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«1. Understand how landscapes are classified

a. are areas of land that are recognized by their features (rugged, rolling, mountainous, flat, high, low-lying, etc.).
b. (Highlands)- at least 300 meters above the surrounding land.
c. (Uplands)- large areas of flat land at high elevation.
d. (Lowlands)- large areas of flat land at low elevations.
e. Landforms are the result of the interaction of tectonic forces and the processes of weathering, erosion, and .

«2. Identify NYS landscape regions (see ESRT p.2)

a. Atlantic Coastal - the low, wide plain along the coast of North America, including Staten Island and Long Island in New York; horizontal sedimentary rocks; near sea level; Long island consists of glacial deposits; waves and ocean currents have shaped the shoreline.
b. Newark (“DINOSAUR COUNTRY” - HOME OF EAST RAMAPO CSD)- This region is composed of weak sedimentary rocks dating from the Age of Dinosaurs (Late Triassic-Early Jurassic). Footprints of Coelophysis, a meat-eating dinosaur about three meters long, were found near Nyack in County. Dinosaur fossils have not been found in any other part of New York. A volcanic intrusion called the Palisades borders the Hudson River. Because of its greater resistance, it forms a cliff that ranges up to more than 150 meters above sea level.
c. Hudson - eroded roots of ancient Precambrian mountains; metamorphic rocks used to be sedimentary; part of the New England Highlands; northwestern Rockland County.
d. Manhattan Prong- the region underlain by rocks in the New York City- Westchester County area.
e. Mountains- Highlands in eastern New York and western New England; highly folded and faulted metamorphic rocks.
f. Hudson-Mohawk Lowlands- covers most of Hudson and Mohawk River valleys; soft rocks.
g. Alleghany Plateau- northern end of Plateau; uplifted horizontal sedimentary rocks deposited in a warm shallow that covered much of New York State during the Late Silurian and Devonian.
h. Erie-Ontario Lowlands- low, flat areas north and of the Alleghany Plateau; horizontal sedimentary rocks covered by many glacial deposits.
i. Tug Hill Plateau- resistant horizontal sedimentary rocks; one of the regions west of the Rocky Mountains; receives twenty feet of snow annually.
j. Adirondack Mountains- a circular region that is part of the Province; Precambrian mountains composed mostly of metamorphic rocks.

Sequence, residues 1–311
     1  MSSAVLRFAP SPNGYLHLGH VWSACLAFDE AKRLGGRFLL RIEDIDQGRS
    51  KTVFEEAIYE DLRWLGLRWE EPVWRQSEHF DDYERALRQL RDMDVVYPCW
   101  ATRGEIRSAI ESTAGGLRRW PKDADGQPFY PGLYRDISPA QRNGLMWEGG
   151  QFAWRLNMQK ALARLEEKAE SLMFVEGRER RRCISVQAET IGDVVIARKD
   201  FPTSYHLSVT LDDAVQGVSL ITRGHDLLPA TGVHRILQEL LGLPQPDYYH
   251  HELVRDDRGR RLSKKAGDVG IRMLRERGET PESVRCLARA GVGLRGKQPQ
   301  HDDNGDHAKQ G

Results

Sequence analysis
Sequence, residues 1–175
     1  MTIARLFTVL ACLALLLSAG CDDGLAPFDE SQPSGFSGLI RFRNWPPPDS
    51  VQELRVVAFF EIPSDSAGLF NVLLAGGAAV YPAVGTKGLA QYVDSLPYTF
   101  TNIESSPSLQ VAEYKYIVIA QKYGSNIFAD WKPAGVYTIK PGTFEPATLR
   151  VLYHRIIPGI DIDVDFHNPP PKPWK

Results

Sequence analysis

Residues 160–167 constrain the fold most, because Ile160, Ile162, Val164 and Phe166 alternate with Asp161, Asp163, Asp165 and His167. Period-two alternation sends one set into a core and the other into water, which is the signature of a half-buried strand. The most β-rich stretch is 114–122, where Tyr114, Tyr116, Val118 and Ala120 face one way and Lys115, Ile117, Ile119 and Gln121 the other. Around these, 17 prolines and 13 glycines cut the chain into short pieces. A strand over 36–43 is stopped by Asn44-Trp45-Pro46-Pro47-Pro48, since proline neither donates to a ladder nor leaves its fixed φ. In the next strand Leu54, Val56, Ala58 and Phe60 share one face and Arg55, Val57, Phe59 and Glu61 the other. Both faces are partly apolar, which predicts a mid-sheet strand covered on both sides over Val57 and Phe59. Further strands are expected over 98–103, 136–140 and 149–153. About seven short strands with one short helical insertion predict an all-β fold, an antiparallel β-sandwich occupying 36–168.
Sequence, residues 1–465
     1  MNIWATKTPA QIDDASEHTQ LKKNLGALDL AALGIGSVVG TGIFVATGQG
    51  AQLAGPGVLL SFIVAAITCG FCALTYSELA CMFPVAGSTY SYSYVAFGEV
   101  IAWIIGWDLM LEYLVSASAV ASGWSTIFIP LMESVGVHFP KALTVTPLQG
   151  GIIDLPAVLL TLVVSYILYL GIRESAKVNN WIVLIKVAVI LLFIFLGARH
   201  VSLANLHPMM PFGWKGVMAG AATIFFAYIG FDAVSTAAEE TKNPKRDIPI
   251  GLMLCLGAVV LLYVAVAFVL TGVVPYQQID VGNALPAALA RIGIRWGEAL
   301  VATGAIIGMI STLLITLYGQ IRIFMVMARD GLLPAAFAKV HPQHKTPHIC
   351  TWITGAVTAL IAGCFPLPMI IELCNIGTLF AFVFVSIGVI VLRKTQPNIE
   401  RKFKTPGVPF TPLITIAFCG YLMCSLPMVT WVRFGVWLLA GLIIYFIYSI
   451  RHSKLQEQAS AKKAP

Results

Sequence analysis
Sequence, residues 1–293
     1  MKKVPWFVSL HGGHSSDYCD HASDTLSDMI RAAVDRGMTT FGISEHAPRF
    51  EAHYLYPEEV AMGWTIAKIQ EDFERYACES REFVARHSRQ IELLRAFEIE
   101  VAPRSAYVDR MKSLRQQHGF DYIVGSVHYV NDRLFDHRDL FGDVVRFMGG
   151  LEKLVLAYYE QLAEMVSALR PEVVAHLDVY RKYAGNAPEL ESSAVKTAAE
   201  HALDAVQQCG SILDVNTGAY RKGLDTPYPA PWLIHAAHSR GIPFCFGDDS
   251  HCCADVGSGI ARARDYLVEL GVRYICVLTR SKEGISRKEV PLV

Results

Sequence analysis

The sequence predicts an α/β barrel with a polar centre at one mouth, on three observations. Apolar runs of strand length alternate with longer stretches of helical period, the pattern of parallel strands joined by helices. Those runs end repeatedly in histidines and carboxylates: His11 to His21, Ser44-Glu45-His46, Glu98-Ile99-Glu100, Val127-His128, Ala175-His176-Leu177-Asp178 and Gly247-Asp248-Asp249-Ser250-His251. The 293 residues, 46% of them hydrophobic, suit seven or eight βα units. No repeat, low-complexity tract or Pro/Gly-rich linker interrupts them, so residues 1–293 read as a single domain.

k. St. Lawrence and Champlain Lowlands- part of the Interior that extend west through the Great Plains; mostly horizontal rock.
l. The Catskills- a deeply eroded section of the Alleghany Plateau; not true .

«3. Interpret and apply isolines on topographic maps

a. The latitude-longitude system is a coordinate system using two sets of lines that make a covering Earth’s surface.
b. Earth’s coordinate system of latitude and longitude, with the equator and prime meridian as reference lines, is based upon Earth’s and our observation of the Sun and stars.
c. The east-west lines are of latitude.
d. The north-south lines are of longitude.
e. Latitude is a measurement of angular distance north or south of the .
f. Longitude is a measurement of angular distance east or west of the .
g. A or contour map is a map showing the elevations of a portion of the Earth’s surface.
h. The contour lines on a contour map pass through points that have the same .
i. Where contour lines are closely spaced, the gradient, or slope, of the surface is .
j. Where contour lines are spaced, the gradient or slope is gradual (gentle).
k. A perfectly area has no contour lines at all.
l. The contour is the change in elevation between neighboring contour lines.
m. Every line encloses a definite area. There are no loose or free dangling in mid-air.
n. When you approach a closed contour from the outside, you are going .
o. When you leave an area enclosed by a contour line, you are going .
p. A contour line never itself or any other contour lines. They may appear to touch on a vertical slope, cliff, or overhang.
q. in the land are shown by hachured contour lines. The hachure lines point toward the inside of the hole. A depression contour line always has the elevation as the lower of the neighboring contour lines.
r. Contour lines point when they cross a stream or river. If the V is sharp, the river valley has walls.

«4. Draw profiles of topographic maps, calculate gradient and draw isolines

a. A profile shows the changes in (ups and downs) of a line across any part of a contour map.
b. Place the of a sheet of paper along the line to be followed.
c. At each point where the line crosses a contour, make a on the edge of the paper.
d. Record the height of the contour next to its mark on the .
e. When all points are marked, use the vertical scale to raise each point to its proper height on the graph or lined paper.
f. Finally, draw a smooth curve connecting the .
g. Gradient (ESRT p. 1) can be calculated by dividing the difference in by the distance between the two points where the elevations were measured. (Unit=m/km)